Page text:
A project of which he is particularly proud is a 2022 publication in Current Pediatrics Reports on best practices, the latest research and advances in apheresis techniques and therapies.

“[Dr. Raina] allowed me a lot of independence in that project,” he explained. “I was able to lead a research team and took the paper from the beginning stages to publication under his leadership. He provided a lot of independence, but also guidance when it was needed, and I think that was a really positive learning experience for me.”

Dr. Hong also had the opportunity to act as a research advocate and help other students connect to research opportunity. He was a student leader on the Committee for Student Clinical Research and helped found the NEOMED Research Symposium. He credits both opportunities to the mentorship of Steven Schmidt, Ph.D., retired vice president for research.

“For me research has really been a passion,” Dr. Hong said. “A lot of people see it as a task, but I was really interested in it. Because it has an ability to make a larger impact on patients beyond just your direct care. Doing research is basically being able to influence practice in the future, and I thought that was really powerful.”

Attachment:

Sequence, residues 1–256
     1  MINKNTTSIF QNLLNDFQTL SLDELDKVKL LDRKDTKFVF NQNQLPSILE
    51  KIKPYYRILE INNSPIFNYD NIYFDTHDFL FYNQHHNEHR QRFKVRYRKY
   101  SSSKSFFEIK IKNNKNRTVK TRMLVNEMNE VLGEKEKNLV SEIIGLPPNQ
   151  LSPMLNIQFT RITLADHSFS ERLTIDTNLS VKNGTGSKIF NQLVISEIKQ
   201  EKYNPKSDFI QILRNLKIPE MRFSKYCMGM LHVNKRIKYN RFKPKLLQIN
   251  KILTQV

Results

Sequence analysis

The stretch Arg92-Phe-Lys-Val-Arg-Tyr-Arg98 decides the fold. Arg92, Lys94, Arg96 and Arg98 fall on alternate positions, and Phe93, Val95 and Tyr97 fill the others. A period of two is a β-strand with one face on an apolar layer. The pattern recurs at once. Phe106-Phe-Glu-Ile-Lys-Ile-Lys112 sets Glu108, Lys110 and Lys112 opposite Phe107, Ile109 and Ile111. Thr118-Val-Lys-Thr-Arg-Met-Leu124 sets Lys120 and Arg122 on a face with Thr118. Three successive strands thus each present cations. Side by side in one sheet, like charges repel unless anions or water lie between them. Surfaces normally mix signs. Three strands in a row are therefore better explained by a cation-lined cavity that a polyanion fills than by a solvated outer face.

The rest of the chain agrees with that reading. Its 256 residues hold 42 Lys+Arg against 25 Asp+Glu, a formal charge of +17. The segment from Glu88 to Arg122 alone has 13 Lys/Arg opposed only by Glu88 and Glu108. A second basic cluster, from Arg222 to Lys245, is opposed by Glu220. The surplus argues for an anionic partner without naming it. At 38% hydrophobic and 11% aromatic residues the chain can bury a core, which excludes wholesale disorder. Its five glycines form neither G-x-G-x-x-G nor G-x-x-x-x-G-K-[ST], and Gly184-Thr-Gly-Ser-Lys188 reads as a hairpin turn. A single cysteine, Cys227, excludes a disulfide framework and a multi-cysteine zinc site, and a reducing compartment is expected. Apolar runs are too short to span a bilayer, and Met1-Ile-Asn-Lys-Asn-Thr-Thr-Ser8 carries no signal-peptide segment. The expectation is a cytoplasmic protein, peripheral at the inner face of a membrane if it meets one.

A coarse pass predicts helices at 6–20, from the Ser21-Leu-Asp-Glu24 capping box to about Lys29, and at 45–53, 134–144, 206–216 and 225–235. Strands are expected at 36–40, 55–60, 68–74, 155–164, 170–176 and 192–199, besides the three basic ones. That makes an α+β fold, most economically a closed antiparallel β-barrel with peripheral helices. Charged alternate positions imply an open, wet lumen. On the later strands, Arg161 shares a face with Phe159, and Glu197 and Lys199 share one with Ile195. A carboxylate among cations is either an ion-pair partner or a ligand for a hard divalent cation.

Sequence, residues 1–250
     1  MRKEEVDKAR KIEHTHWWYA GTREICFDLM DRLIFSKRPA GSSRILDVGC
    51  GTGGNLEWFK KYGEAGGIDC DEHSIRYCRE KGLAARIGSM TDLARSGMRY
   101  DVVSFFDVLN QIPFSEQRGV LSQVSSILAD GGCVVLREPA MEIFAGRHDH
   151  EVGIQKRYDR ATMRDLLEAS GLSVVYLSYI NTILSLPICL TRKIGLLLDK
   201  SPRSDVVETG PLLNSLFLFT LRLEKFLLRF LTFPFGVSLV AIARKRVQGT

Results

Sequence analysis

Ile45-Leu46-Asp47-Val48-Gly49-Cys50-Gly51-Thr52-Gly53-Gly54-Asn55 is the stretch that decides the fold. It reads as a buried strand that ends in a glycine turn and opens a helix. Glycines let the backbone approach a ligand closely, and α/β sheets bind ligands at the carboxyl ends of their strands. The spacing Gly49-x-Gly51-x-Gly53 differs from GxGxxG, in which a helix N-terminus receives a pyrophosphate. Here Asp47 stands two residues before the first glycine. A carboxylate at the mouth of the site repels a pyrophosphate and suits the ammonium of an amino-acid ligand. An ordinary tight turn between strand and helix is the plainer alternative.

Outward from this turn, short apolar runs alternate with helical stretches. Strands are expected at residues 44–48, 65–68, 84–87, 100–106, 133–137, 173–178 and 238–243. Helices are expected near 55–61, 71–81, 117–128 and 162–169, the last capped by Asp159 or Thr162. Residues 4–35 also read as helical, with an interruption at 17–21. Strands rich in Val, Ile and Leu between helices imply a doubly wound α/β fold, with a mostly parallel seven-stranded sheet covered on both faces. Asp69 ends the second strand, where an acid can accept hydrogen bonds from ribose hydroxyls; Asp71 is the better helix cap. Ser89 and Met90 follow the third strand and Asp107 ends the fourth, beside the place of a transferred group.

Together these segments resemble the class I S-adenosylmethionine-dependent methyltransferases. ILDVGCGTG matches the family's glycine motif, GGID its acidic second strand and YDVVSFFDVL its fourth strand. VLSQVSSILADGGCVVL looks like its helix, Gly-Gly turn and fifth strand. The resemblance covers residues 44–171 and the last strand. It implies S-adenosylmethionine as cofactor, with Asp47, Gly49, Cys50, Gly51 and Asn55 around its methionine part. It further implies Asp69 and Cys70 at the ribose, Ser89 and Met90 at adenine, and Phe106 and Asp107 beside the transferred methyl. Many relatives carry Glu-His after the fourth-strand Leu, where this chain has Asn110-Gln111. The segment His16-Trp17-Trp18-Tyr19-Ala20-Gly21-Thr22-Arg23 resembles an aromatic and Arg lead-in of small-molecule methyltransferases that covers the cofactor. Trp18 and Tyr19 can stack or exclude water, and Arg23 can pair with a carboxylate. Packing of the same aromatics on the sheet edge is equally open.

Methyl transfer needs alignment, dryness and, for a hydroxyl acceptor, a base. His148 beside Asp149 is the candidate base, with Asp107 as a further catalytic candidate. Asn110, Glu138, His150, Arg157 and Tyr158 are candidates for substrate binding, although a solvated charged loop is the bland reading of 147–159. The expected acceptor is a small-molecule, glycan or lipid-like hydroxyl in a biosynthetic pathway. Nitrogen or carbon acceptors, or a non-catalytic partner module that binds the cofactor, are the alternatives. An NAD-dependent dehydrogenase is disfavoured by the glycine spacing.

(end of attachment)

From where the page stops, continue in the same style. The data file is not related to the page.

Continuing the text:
How did he fulfill his passion for research while maintaining his studies in the College of Medicine?

“After I was finished studying, I set aside a little bit of time, either once week or once a day to do a little bit of writing, to do a little bit of exploring, to read up on literature, and to expand my knowledge a little bit more,” he said.

He plans to continue making time for research during his residency in internal medicine at Case Western/University Hospitals Cleveland.

“That is part of the reason why University Hospitals was a great fit to for me – because of their strong research track record and research excellence,” he shared.

Finding the Way

“I don’t have any family or family friends in medicine, so I was kind of in the dark on how to navigate the waters,” Dr. Hong said about his first experiences in medical school. “I’m thankful for a lot of the mentors that I had, who helped me to get to the places where I needed to be.”

He also found it helpful to talk to others who made the journey before him.

“I always made a point to talk to the students ahead of me. Even on the residency trail, I reached out to people in different programs that I was applying to, and I would find some of them at places very far away, which was really surprising to me,” he said. “For example, I interviewed at a program out in California and a fellow that was in that hospital is a NEOMED graduate. I think that just goes to show, even though we might not have a huge network, we have people everywhere that are willing to advocate for us.”

What advice would he give his M1 self or others who are beginning medical school?

“I would tell them to keep pushing forward,” he said. “I think everybody that goes into medical school, myself included, has a sense of doubt. Is this where I belong? Is this right? Do I fit in here? Am I going to make it? Realize that you are here for a reason, and you were chosen for a reason, because admissions committees know that you have what it takes. So just keep pushing forward and keep at it and work hard and don’t be afraid.”